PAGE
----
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A total of $1,275,500 will be awarded through 19 grants to various arts-related organizations in Ohio. The Ohio Arts Council (OAC) will receive $965,500 to help support arts initiatives throughout the state. This is the eighth year in a row that the OAC has earned the second-highest partnership agreement grant, securing more NEA funding than larger states including Texas, Florida, New York, Illinois and Pennsylvania.

Included in this announcement is an Art Works award of $10,000 to Dayton Performing Arts Alliance to support the Stained Glass Series of community concerts, performed in local churches by the Dayton Philharmonic Orchestra alongside local church choirs. The concerts are part of a series of community outreach efforts called the "Norma Ross Memorial Community Concerts" in honor of the late Mrs. Norma Ross, an advocate for music and minority youth. The goals of this concert series are "to celebrate the human spirit through the universal medium of music and to unite our Dayton community with the uplifting and inspirational sound when classical and gospel music come together under one roof."

The Stained Glass series is free of charge and concludes this season at 4 p.m. today at Tabernacle Missionary Baptist Church, 380 S. Broadway St., Dayton.

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A $15,000 grant went to the Shakespeare Theatre Association based in Oxford. Its executive director, Patrick Flick, was featured in last week's On the Arts column in conjunction with his role as producing executive director of the Richmond Shakespeare Festival in Indiana.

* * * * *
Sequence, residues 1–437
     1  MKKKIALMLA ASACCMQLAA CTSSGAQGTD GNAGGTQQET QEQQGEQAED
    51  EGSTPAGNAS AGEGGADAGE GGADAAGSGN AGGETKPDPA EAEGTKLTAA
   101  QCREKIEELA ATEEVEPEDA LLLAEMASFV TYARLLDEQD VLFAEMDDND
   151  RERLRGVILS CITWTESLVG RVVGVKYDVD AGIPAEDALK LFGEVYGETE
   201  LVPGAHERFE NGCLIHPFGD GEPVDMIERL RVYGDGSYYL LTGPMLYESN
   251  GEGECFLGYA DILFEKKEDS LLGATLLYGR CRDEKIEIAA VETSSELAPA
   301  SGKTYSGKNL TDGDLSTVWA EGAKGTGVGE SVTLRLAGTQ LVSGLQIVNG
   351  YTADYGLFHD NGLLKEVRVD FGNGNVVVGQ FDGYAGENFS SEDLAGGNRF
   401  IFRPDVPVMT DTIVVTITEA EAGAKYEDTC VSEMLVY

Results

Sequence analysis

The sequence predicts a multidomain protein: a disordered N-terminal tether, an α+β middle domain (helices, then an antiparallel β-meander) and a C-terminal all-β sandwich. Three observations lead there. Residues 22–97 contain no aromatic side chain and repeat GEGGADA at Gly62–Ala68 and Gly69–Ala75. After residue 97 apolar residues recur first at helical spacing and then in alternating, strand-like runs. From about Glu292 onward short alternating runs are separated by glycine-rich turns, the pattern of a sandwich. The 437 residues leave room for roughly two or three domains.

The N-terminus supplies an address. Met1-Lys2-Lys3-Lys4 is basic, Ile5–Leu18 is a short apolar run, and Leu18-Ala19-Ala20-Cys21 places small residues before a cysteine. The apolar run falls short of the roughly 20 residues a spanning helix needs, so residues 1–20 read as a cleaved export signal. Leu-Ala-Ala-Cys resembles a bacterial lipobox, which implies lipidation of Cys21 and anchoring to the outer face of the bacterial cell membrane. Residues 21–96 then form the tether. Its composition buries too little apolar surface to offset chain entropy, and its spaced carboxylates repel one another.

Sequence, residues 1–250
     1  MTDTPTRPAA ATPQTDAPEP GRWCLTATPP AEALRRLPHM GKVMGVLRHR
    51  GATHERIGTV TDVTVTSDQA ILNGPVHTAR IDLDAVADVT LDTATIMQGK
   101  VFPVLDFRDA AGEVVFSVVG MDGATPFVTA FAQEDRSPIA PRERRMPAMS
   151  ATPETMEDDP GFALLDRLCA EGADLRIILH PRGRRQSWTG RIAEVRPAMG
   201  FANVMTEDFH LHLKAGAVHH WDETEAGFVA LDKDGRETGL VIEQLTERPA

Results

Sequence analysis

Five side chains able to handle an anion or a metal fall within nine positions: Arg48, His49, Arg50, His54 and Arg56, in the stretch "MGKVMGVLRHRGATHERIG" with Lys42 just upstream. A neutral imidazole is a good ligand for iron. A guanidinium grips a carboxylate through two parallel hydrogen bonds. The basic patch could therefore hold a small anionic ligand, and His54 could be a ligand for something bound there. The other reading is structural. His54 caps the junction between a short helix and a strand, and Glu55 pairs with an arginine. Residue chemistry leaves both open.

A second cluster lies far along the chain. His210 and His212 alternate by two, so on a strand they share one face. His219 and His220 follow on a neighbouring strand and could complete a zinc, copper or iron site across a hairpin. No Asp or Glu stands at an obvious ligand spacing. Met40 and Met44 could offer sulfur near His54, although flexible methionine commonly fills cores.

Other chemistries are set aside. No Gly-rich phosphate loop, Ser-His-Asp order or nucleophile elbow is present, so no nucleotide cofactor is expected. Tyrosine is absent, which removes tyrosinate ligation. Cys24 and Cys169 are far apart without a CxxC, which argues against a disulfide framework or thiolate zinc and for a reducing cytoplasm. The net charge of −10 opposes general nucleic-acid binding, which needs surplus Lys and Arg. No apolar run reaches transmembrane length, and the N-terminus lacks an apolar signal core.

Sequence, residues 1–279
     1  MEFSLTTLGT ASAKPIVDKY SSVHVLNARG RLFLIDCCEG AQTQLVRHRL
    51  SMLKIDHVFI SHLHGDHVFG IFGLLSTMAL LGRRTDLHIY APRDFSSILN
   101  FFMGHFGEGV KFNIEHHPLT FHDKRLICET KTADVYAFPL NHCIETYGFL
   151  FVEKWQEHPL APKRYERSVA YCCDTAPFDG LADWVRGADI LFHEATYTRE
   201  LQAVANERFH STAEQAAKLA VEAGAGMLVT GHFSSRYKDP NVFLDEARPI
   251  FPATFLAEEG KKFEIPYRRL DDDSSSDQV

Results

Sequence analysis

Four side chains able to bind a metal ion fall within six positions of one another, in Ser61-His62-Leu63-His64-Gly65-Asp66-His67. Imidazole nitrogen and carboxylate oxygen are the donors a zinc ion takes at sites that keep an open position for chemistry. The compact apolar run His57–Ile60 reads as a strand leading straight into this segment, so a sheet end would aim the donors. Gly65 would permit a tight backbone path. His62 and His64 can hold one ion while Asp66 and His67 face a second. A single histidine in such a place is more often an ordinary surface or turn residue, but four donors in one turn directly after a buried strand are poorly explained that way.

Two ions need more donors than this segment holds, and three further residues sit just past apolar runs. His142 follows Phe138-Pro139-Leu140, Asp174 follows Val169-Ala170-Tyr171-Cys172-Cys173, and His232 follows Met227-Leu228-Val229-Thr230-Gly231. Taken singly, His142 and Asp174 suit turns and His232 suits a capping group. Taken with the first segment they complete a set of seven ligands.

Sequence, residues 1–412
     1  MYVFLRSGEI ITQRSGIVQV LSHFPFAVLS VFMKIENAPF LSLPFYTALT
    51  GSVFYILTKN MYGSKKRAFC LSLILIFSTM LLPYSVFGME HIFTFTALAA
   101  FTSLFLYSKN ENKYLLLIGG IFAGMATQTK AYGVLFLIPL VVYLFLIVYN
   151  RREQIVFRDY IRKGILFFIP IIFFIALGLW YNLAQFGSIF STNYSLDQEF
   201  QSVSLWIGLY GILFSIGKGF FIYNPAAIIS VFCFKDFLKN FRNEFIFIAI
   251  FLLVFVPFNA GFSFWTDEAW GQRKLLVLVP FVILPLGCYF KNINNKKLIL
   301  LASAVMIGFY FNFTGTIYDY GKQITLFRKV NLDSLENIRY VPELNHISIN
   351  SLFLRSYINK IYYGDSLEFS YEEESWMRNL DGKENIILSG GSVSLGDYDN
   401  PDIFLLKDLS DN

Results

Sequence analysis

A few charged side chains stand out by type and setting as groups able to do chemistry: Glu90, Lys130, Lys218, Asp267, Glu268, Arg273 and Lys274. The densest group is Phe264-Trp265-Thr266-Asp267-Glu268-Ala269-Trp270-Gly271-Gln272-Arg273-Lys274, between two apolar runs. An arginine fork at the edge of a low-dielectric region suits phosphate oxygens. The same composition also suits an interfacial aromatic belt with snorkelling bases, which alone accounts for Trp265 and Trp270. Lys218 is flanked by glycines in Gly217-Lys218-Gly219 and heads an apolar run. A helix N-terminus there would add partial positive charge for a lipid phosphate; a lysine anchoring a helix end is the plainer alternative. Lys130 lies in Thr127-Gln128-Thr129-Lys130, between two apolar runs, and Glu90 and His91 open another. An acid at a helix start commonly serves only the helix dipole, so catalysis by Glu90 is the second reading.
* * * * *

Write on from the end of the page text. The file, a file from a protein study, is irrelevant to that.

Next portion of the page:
A $30,000 grant went to Community Media Productions Group Inc. in Yellow Springs to support a documentary directed by Julia Reichert and Steven Bognar on the 9 to 5 Movement of women office workers in the 1970s. The film will feature stories of women who gathered in cities such as Boston, Cleveland, Seattle, and New York City to protest gender discrimination in the workplace and played a formative role in the 1970s women's movement.

Incorporating interviews with the movement’s participants, archival footage, and cultural touchstones such as the 1980 film “9 To 5,” the documentary will focus on the movement’s history and its enduring legacy. Upon completion, the film will be screened at community events and will be made available for public broadcast to national audiences.

Wright State prof to be featured in PBS documentary

A camera crew from the Indianapolis PBS affiliate, WFYI, was in town recently to film an interview with Allan Spetter of Oakwood, a retired Wright State University professor of history. A national expert on United States president Benjamin Harrison, Spetter is co-author of the book “The Presidency of Benjamin Harrison.”